After six years we knew it well. On weekends we cycled along the edge of the Bay from Port Melbourne to the St Kilda pier. Most mornings we walked clockwise, or counter, around Albert Park Lake. We welcomed new generations of swans, ducks and geese and eagerly awaited the annual mass arrival of pelicans. Within minutes they would form a giant white hoovering wedge and move methodically from north to south. Up and down the lake, like a team of office cleaners, until it was spotless, fished clean.
The seasons change in Melbourne.
In response to some hidden signal, Donovan's restaurant alters its décor from summer to winter. Forgotten spring bulbs – crocuses, grape hyacinths, daffodils, lilies and bluebells – miraculously re-emerge at exactly the same time, in exactly the same place, every year.
Most of Middle Park is shaded by old palm trees and equally gigantic plane trees. In autumn, the footpaths are hidden by enormous piles of torn brown paper leaves. Riding or kicking your way through them instantly takes you back to some moment in childhood. The rejuvenating effect is instant and a lot cheaper than surgery.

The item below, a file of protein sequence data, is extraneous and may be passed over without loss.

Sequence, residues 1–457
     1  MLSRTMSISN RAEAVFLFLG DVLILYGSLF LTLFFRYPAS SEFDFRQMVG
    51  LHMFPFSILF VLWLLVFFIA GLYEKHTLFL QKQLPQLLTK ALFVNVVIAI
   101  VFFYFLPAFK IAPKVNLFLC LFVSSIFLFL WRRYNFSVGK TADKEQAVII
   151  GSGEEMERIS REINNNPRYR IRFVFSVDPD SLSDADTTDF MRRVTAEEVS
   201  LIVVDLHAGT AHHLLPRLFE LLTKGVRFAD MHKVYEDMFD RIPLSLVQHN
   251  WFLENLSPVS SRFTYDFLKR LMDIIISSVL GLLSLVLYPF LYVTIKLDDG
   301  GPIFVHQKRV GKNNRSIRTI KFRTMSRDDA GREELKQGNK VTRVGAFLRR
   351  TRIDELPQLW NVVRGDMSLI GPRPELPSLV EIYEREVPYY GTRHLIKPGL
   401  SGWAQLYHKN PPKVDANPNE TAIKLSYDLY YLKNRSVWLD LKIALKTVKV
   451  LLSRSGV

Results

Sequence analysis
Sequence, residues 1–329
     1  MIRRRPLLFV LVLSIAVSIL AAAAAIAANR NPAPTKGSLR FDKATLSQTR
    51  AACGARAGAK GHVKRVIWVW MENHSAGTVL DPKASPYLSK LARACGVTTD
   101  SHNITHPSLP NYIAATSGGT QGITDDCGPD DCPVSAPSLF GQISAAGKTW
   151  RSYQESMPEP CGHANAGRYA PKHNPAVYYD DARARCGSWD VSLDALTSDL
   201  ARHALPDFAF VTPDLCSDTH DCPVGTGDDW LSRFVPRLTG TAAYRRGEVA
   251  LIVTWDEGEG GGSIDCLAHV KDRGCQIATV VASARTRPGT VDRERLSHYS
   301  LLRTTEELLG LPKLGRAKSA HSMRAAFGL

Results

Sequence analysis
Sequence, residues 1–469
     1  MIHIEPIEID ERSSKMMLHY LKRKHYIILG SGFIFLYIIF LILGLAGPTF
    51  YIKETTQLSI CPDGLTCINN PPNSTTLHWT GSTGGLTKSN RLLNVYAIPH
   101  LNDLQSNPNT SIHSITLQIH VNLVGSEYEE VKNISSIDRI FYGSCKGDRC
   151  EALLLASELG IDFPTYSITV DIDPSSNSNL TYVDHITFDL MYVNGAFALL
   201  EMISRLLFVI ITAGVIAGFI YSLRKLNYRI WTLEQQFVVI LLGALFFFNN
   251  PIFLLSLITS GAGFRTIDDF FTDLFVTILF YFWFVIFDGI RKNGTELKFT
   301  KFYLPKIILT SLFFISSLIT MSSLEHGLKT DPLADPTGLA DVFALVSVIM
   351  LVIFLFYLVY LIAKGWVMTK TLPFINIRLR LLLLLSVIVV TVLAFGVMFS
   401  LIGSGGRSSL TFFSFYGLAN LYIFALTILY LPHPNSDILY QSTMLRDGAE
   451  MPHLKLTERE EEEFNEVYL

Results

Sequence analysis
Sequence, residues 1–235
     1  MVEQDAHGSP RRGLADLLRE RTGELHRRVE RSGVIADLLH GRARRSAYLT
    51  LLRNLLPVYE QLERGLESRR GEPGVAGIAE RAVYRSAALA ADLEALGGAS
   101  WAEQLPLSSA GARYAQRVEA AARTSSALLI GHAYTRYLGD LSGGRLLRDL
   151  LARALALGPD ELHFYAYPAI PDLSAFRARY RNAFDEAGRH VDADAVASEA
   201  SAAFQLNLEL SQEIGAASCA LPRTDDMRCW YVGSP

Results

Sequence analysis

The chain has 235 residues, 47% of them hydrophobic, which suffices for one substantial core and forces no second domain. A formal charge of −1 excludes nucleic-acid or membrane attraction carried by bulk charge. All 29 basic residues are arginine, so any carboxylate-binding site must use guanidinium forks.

We shopped for everything at South Melbourne market. Our birthdays were deliciously celebrated at Donovan's. We made great friends and were regularly invited to dinner, and weekends at the beach. We were asked to join book clubs and local sporting clubs. Within a short walking distance in either direction, there were thirty really good to terrific restaurants – from Japanese to pizza. Crammed into a square kilometre were several choices of every kind of shop, café and amenity including an award-winning bookshop, cinemas, a theatre, sports clubs, football and cricket grounds, a golf course, an Olympic swimming pool, music venues, bars and pubs. It was possible to live a really full life without crossing the boundary streets.
Best of all, we had Greek neighbours. Loud, loving, ridiculously generous Greeks who had lived in the area years before it had become fashionable. Their double backyard was a seasonal market. The front garden was crammed with potted cymbidiums and shaded by a gigantic lemon tree so laden with fruit that boughs would occasionally snap. We were given so much fruit my son Joe and his friends used to sell homemade lemonade out the front of our house.